In a week focused on boosting trade and investment in Africa, the State Department in collaboration with Meridian, welcomed to the U.S. two delegations of more than 100 African entrepreneurs from across the continent. The entrepreneurs were part of two separate State Department programs: an International Visitor Leadership Program delegation of African women entrepreneurs and the President’s Initiative on Young African Leaders. Both programs were designed to promote the work of African business and social entrepreneurs from a wide variety of fields by exposing participants to new networks and skills training. The delegates in both groups were also honored to be addressed by Secretary of State Hillary Clinton who hailed Africa as one of the world’s fastest growing economic regions and promoted greater ties between the continent and the U.S.
The African Women’s Entrepreneurship Program’s U.S.-Africa Exchange, an annual State Department program led by Meridian, brought approximately 70 Sub-Saharan African women entrepreneurs to spend three weeks in the United States to exchange best practice with American business people and network with U.S. policy makers, non-profit organizations, and industry associations. The group convened at Meridian for a networking event to celebrate the participants’ accomplishments as entrepreneurs and provide an opportunity to learn from other women-led businesses. Ambassador Sharon Wilkinson, Diplomatic Advisor to Meridian, introduced two inspirational women entrepreneurs living in the U.S.: Nancy Goodman, Co-Owner of Main Event Caterers and Marga Fripp, Founder of Empowered Women International.
Ms. Goodman shared her experiences growing her catering business from two women to fifty full-time staff with a message about the three necessities for successful business, “tenacity, networking, and the ABC’s or ‘Always Be Closing’.” She urged the women to continue standing tall and to advance their business at every opportunity. Marga Fripp shared her story of how her experiences as a well-educated but economically disadvantaged immigrant to the U.S. inspired her to establish Empowered Women International to support immigrant and refugee women and families through the promotion of their arts and entrepreneurial successes. Ms. Fripp encouraged the women to follow their passions and left the participants engaged and inspired about what they could achieve.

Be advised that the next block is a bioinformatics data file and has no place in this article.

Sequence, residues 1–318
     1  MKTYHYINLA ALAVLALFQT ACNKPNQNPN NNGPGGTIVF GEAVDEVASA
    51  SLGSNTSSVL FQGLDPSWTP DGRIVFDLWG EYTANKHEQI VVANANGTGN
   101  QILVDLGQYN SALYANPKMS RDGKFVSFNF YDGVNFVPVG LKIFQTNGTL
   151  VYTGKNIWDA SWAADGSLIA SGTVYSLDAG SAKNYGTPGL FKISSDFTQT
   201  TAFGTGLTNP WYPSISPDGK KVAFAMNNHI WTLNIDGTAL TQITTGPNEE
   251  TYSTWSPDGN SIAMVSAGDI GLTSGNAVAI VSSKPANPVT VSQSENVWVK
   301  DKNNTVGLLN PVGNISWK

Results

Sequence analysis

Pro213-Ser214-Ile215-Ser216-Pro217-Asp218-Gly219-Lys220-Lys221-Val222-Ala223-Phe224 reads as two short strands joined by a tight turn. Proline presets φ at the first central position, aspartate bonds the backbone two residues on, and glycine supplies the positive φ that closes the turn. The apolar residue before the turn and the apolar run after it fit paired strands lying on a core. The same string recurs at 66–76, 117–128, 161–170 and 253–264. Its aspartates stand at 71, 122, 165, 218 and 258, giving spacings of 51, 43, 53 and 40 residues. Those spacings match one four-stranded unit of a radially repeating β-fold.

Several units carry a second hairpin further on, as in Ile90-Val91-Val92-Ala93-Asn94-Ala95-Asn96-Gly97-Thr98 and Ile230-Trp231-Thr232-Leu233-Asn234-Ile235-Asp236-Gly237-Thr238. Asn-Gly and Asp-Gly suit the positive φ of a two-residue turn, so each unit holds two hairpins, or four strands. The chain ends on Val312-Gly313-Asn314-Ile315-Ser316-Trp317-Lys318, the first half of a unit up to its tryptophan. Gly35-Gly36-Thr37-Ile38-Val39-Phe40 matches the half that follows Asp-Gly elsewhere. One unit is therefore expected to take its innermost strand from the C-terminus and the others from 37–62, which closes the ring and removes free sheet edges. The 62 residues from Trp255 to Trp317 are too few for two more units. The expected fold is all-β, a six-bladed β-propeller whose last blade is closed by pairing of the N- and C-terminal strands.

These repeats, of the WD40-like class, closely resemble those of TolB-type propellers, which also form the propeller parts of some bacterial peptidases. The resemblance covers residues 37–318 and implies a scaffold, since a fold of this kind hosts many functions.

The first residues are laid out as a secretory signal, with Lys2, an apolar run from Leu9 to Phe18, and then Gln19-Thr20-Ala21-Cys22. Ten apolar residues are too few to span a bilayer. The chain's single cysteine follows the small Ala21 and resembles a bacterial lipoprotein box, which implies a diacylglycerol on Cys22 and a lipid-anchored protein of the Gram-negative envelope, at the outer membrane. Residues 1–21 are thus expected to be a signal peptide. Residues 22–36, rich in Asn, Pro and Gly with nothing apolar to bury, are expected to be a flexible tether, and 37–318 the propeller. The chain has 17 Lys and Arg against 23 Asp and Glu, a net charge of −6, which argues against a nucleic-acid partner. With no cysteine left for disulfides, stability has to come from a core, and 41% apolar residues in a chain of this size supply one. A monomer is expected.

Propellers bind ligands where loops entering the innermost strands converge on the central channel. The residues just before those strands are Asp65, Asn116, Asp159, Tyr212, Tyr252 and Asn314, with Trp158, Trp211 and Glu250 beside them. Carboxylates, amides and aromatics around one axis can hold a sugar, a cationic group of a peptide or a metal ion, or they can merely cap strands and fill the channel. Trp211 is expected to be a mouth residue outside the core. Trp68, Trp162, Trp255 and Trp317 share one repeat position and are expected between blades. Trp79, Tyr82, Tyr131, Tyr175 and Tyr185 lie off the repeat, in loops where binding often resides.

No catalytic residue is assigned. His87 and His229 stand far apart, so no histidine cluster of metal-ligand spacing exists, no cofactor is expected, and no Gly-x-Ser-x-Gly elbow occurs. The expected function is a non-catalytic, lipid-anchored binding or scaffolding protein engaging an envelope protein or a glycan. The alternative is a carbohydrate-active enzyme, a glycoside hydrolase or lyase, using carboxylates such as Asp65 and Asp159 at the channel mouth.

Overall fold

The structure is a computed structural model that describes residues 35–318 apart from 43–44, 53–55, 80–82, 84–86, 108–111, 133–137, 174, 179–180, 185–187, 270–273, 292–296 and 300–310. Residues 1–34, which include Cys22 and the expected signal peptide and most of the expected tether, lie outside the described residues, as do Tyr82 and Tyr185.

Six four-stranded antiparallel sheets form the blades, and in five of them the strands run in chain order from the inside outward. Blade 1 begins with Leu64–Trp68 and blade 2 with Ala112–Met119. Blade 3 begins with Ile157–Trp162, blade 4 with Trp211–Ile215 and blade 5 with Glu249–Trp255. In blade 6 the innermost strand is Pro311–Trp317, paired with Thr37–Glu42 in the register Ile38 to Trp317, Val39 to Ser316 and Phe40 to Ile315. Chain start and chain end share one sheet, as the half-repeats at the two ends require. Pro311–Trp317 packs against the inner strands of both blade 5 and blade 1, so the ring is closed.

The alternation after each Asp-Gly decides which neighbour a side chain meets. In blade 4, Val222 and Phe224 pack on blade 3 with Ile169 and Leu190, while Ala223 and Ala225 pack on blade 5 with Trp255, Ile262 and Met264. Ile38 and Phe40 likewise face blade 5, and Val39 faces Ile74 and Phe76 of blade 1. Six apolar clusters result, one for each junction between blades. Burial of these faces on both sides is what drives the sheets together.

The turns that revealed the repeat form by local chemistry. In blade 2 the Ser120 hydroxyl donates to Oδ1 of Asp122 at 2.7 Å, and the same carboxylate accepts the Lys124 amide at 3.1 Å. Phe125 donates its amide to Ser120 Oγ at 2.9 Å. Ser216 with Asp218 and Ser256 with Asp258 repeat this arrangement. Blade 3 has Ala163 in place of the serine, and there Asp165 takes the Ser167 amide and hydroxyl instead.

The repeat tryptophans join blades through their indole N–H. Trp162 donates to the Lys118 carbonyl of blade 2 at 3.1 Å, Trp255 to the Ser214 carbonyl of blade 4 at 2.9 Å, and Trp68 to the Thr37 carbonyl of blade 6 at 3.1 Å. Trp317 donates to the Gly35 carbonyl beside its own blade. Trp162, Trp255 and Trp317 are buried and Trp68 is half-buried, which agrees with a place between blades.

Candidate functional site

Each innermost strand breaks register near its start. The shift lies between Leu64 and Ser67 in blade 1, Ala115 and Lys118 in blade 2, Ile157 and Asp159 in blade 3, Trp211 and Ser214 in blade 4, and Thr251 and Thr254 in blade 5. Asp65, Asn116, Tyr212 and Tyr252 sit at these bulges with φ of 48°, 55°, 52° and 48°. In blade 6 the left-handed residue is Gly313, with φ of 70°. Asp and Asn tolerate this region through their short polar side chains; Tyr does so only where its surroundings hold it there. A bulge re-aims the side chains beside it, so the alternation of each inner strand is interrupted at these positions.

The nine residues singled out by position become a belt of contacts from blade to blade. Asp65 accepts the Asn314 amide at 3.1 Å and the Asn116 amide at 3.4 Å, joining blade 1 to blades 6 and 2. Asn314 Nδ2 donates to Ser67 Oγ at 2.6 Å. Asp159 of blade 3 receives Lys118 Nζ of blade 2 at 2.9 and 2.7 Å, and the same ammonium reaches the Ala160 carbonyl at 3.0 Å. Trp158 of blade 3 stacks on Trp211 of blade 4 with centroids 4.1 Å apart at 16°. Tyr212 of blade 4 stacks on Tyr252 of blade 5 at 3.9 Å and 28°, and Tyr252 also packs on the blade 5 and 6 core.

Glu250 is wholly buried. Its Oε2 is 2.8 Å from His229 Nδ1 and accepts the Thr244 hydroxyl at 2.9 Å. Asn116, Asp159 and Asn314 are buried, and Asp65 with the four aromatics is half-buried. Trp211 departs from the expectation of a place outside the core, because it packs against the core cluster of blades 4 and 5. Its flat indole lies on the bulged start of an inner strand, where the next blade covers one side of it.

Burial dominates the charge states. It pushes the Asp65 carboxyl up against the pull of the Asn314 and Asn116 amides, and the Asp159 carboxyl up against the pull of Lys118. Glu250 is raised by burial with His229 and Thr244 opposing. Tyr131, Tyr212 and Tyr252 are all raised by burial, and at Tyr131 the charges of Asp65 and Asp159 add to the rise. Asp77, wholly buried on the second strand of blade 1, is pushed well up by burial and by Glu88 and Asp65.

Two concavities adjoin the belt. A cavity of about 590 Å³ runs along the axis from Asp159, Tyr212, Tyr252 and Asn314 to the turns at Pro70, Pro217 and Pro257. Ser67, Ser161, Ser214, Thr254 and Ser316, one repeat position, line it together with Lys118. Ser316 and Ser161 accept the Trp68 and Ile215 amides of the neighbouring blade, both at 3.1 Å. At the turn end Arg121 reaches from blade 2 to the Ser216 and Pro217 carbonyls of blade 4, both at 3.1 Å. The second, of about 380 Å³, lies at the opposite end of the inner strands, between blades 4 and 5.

The second delegation called Young African Leaders involved more than 60 young African business and social entrepreneurs. The Young African Leaders Program is part of the President’s Young African Leaders’ Initiative and coincided with the African Growth and Opportunity Act (AGOA) Summit in Washington. The program builds upon previous youth engagement, including the President’s Young African Leaders Forum (August 2010), First Lady’s Young African Women Leaders Forum (June 2011), and more than 2,000 subsequent youth programs conducted by the Department of State in Sub-Saharan Africa. The group participated in a Meridian-led two-day innovation summit in Washington which featured keynote speakers and breakout sessions designed to cover a broad range of topics in entrepreneurship. The program also exposed Americans to the business challenges and economic opportunities in Africa. Topics included utilizing technology, gaining access to capital, promoting foreign investment, messaging and branding, building public-private partnerships, financial management tools for SMEs, and expanding networks and cultivating talent. In a reception for the delegates hosted at Meridian, Meridian’s President and CEO, Ambassador Holliday introduced the keynote speaker, Tara Sonenshine, the newly appointed U.S. Under Secretary of State for Public Diplomacy and Public Affairs who outlined the importance of expanding engagement with young African leaders. The group went on to participate in a Mentoring Partnership placing them in nine U.S. cities to connect them with businesses and organizations to generate innovative solutions that address economic and social development opportunities in Africa and potentially expand markets through U.S. investment.